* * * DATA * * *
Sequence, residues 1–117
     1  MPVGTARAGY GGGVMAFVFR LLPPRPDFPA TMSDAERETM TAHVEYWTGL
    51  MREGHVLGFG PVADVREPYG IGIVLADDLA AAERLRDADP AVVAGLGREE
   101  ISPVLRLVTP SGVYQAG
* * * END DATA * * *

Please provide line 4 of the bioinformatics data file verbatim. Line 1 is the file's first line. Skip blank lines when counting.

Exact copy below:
   101  ISPVLRLVTP SGVYQAG